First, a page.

My husband was working an event near Cleburne as an EMT so we decided to spend the day at Cleburne State Park checking out the trails. Once we are able to camp here, I will come back up and update this post with that information.
Cleburne State Park is a 528-acre Park with its spring-fed lake located about an hour south of Fort Worth or 2 hours north of Fort Hood.
- Hiking Trails at Cleburne State Park
- White Tail Hollow Trail (1.9 miles – Pink)
- Spillway Trail (0.7 miles – Yellow)
- Camp Creek Loop (1.1 miles – Purple)
- Coyote Run Nature Trail (1.1 miles – Red)
- Fossil Ridge Trail (2.5 miles – Blue)
- Limestone Ridge Trail (1.7 miles – Light Green)
- Limestone Inner Loop Trail (1.7 miles – Dark Green)
- Fishing Trails (0.1 -0.3 miles – Orange)
- Video of Hiking Trails
- Camping at Cleburne State Park
- Cleburne State Park Info
Hiking Trails at Cleburne State Park
There are a total of 11 trails at Cleburne State Park that you can combine and make into a loop with a total trail mileage of about 11 miles (your mileage may vary). If you plan on doing all the trails and making a loop, I suggest parking at the parking lot near the restrooms at the beginning of the park.
You would start near the bathrooms on the Camp Creek Loop to the Fossil Ridge Trail to Coyote Run Nature Trail, to Limestone Ridge Trail to Limestone Ridge Inner Loop Trail back to the Limestone Ridge Trail to Spillway Trail which will connect you to the White Tail Hollow Trail back to the Spillway Trail which will then take you back to the parking lot. You should get around 10 or so miles.
Before starting out for a hike, remember to always take the 10 Essentials.
White Tail Hollow Trail (1.9 miles – Pink)
The White Hollow Trail is marked with pink blazes and runs alongside the spillway and across the man-made dam. This trail, while well marked, can get pretty confusing as it takes off in all different directions with cut-throughs. You will be in trees for most of the way. It is roughly 1.9 miles long and is a loop rated as easy.
Spillway Trail (0.7 miles – Yellow)
Probably the most scenic trail in the park, it runs alongside the three-tiered spillway (which was carved by hand). It is rated as moderate and is 0.7 miles one way. If this is the only trail you want to do, I’d suggest parking at the parking lot near the bathrooms as this is where the trail starts.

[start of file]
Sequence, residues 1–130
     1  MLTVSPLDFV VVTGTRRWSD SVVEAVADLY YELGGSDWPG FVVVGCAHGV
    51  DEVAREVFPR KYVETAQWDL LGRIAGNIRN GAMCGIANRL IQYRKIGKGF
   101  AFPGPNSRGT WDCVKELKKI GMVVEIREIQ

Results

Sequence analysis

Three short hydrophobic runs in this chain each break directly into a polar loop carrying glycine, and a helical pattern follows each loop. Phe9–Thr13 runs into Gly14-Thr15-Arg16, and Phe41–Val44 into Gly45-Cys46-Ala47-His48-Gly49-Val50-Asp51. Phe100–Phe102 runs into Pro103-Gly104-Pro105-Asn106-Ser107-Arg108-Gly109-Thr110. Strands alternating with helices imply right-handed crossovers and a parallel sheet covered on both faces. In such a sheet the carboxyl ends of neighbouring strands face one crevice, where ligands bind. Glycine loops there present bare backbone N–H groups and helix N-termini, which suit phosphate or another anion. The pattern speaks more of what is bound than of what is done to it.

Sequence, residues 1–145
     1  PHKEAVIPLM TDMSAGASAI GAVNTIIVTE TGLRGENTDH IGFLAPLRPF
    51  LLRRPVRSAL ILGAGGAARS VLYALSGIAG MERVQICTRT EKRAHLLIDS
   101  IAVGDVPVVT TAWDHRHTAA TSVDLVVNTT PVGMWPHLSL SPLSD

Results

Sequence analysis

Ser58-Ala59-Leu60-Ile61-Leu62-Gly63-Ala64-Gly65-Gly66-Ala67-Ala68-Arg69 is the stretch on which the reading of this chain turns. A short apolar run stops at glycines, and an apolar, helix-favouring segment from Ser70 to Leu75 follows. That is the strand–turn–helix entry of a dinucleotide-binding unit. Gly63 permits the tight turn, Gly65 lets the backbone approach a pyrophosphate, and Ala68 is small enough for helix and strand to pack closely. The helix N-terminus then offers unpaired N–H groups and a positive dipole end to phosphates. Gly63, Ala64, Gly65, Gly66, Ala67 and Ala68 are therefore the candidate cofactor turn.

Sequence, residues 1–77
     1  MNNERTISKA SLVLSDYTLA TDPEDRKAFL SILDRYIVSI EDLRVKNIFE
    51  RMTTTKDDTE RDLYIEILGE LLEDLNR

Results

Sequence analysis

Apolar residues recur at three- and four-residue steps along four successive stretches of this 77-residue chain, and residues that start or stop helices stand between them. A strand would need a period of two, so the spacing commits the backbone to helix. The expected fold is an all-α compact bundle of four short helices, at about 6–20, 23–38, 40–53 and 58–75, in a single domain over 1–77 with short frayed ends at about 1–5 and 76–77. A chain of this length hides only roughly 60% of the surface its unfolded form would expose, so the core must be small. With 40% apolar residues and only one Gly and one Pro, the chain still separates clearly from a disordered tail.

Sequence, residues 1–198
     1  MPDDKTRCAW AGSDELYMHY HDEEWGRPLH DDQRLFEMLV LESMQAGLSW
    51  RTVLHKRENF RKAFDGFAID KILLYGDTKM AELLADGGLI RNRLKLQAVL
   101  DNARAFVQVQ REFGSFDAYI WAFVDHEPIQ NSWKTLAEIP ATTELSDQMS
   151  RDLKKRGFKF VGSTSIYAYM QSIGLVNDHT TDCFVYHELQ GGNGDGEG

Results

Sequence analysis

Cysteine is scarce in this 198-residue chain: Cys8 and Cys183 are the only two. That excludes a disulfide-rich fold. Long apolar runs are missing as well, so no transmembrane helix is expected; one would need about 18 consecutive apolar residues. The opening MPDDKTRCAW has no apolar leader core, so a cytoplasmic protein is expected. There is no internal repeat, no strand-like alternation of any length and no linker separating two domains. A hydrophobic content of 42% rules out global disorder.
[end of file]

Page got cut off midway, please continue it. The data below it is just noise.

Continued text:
Camp Creek Loop (1.1 miles – Purple)
This is a loop trail that is rated as moderate although I would classify it as easy. It is marked by purple blazes and begins in trees before spitting you out to the park boundary fence where you then hike alongside it for the remainder of the trail before going back towards the parking lot next to the bathrooms.
Coyote Run Nature Trail (1.1 miles – Red)
Marked with red blazes, this is a 1.1-mile one-way trail marked as moderate and I agree lol. There is a side trail that will take you to an “overlook” as indicated on the map. Really it takes you directly down to the lake and not to an overlook. The trail to the lake isn’t marked well and there are several trails you could take. Where do those trails go? Who knows? I’d recommend skipping this “overlook”.
Fossil Ridge Trail (2.5 miles – Blue)
This trail is a 2.5-mile one-way trail marked with blue blazes that runs along the park boundaries and is rated as challenging. While it is marked as challenging on the map, I would classify it as moderate. This trail leads you in and out of the trees, alongside the campsites, and into prairie-like settings. You have to be careful about watching where you need to turn, the trail will run right into one of the camping areas if you miss the right-hand turn at the electrical pole.
Limestone Ridge Trail (1.7 miles – Light Green)
Rated as challenging this is a 1.7-mile one-way trail marked with lime green blazes. It is mostly twists and turns with a lot of switchbacks which can cause you to become disoriented. Make sure to bring a GPS or compass. I have not done this trail as of yet, but once I do I will update this post with my trail report.
Limestone Inner Loop Trail (1.7 miles – Dark Green)
Like the Limestone Ridge Trail, this trail is a 1.7-mile one-way trail listed as challenging and marked with dark green blazes. It also has a lot of twists and turns and is recommended that you carry a GPS or map & compass as it is easy to get disoriented. I have not done this trail as of yet, but once I do I will update this post with my trail report.
Fishing Trails (0.1 -0.3 miles – Orange)
There are also 4 fishing trails (trails that lead to fishing areas) that are rated as easy and rang in 0.1 -0.3 miles one way each.
Video of Hiking Trails
This video includes the first set of trails we did at Cleburne State Park. I was attempting to create a loop. We had parked at the White Tail Hollow Trail Trailhead area. We did the White Tail Hollow Trail to the Spillway Trail towards the restrooms to the Camp Creek Loop Trail back to the parking lot next to the restrooms and back to our parking lot. From there we took the Spillway Trail to the Coyote Run Nature Trail to the Fossil Ridge Trail and got off on the road near the parking lot at the White Tail Hollow Trail Head.
Camping at Cleburne State Park
This section is still a work in progress as we have not personally camped there yet. I will update this section more once we get the chance to do that!
Cleburne State Park has five camping areas as well as a screen shelter/cabin area and group barracks area. There are a total of 27 full hook up sites, 31 campsites with water & electricity, 1 youth group campsite, 6 screen shelters with water/electric, 3 cabins, and a group camp area with dining hall and two barracks.